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Saint Laumer of Blois, Abbey of


In Blois, central France. Benedictines from the monastery of Corbion, founded near Chartres c. 575 by St. Laumer (d. c. 590), fled with the relics of their founder to Blois at the time of the Norman invasions (c. 874). Under the castle of Count Thibault in 924 they built the new Abbey of St. Laumer, which flourished in the Middle Ages. Commendatory in the early 16th century and pillaged by huguenots in 1568, the abbey joined the maurists in 1627 and revived. In 1697, however, Louis XIV gave the abbot's monastic revenue (some 8,000 livres) to the new Diocese of Blois; and benefices for the cathedral chapter were carved out of other abbatial properties. The abbey was greatly reduced in membership and wealth when it was suppressed by the French Revolution in 1791. The 13th-century Romanesque church, with noteworthy sculpture, was modified several times since and became a parish church; other buildings served as a hospital.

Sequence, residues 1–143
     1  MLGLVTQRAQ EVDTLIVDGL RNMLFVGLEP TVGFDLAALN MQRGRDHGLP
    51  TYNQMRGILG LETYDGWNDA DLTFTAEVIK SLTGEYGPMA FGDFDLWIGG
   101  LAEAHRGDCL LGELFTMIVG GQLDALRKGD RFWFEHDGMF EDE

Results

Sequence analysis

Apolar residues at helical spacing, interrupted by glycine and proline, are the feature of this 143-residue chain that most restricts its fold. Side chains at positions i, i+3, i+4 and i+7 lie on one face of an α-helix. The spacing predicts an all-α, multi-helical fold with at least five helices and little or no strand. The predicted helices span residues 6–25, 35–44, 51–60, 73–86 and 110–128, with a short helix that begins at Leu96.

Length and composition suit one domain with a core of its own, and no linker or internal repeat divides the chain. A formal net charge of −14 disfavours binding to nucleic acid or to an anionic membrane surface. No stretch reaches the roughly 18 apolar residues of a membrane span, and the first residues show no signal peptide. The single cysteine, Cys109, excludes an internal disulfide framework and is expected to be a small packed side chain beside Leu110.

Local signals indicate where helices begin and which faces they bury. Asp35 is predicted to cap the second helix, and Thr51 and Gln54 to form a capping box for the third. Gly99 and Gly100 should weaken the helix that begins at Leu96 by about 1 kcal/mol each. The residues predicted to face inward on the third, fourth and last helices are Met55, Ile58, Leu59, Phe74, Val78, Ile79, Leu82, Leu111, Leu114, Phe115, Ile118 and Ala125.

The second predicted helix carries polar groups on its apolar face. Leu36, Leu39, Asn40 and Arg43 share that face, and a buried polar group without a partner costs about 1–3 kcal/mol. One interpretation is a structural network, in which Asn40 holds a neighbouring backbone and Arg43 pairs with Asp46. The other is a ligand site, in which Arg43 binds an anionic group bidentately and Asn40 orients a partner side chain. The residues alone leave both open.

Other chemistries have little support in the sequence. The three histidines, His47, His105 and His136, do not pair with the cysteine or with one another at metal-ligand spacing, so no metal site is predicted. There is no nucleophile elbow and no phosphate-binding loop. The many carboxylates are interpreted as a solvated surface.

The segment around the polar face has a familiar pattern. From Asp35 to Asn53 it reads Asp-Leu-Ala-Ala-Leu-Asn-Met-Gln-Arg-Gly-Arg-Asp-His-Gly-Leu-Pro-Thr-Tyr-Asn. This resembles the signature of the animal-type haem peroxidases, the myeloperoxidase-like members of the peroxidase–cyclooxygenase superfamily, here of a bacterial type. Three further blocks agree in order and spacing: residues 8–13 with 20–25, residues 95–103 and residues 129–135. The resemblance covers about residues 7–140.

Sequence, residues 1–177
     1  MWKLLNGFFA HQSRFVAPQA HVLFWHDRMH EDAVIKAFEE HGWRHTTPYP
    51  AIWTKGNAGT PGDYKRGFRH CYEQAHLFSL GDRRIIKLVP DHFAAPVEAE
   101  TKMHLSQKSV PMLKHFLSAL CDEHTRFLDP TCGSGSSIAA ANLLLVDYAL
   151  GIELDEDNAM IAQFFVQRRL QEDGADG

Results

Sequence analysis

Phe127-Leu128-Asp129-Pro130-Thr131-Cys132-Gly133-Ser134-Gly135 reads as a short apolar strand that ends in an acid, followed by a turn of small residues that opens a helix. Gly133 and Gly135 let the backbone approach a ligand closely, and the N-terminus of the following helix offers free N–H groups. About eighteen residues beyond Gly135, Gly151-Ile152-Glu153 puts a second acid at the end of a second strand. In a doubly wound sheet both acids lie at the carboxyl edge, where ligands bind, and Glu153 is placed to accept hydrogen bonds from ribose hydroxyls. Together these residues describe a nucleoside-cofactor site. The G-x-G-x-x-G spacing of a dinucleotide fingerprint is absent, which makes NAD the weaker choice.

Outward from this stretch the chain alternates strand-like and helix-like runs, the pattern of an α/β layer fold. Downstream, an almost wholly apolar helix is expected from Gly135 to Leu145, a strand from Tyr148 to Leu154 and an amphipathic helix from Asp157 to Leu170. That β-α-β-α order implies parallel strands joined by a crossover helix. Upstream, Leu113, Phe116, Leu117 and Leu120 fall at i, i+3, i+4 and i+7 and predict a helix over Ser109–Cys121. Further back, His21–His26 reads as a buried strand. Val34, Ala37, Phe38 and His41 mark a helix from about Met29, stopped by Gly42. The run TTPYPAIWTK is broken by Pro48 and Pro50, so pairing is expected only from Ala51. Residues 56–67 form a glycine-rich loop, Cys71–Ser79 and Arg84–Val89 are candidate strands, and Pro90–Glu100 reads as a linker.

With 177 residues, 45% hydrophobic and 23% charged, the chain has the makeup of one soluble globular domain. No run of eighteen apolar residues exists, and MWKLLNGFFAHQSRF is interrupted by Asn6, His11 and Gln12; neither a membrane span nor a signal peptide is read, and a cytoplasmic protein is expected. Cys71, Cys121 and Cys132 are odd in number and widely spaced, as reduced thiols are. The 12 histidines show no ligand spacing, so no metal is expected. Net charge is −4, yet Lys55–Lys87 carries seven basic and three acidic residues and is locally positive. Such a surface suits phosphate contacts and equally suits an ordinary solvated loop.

Bibliography: u. chevalier, Répertoire des sources historiques du moyenâge. Topobiobibliographie, 2 v. (Paris 18941903) 2:2720. l. h. cottineau, Répertoire topobibliographique des abbayes et prieurés, 2 v. (Mâcon 193539) 1:397398, 871. m. vinet, Le Royal monastère bénédictin de Saint-Laumer de Blois (La Roche-sur-Yon 1960).

[l. j. lekai]

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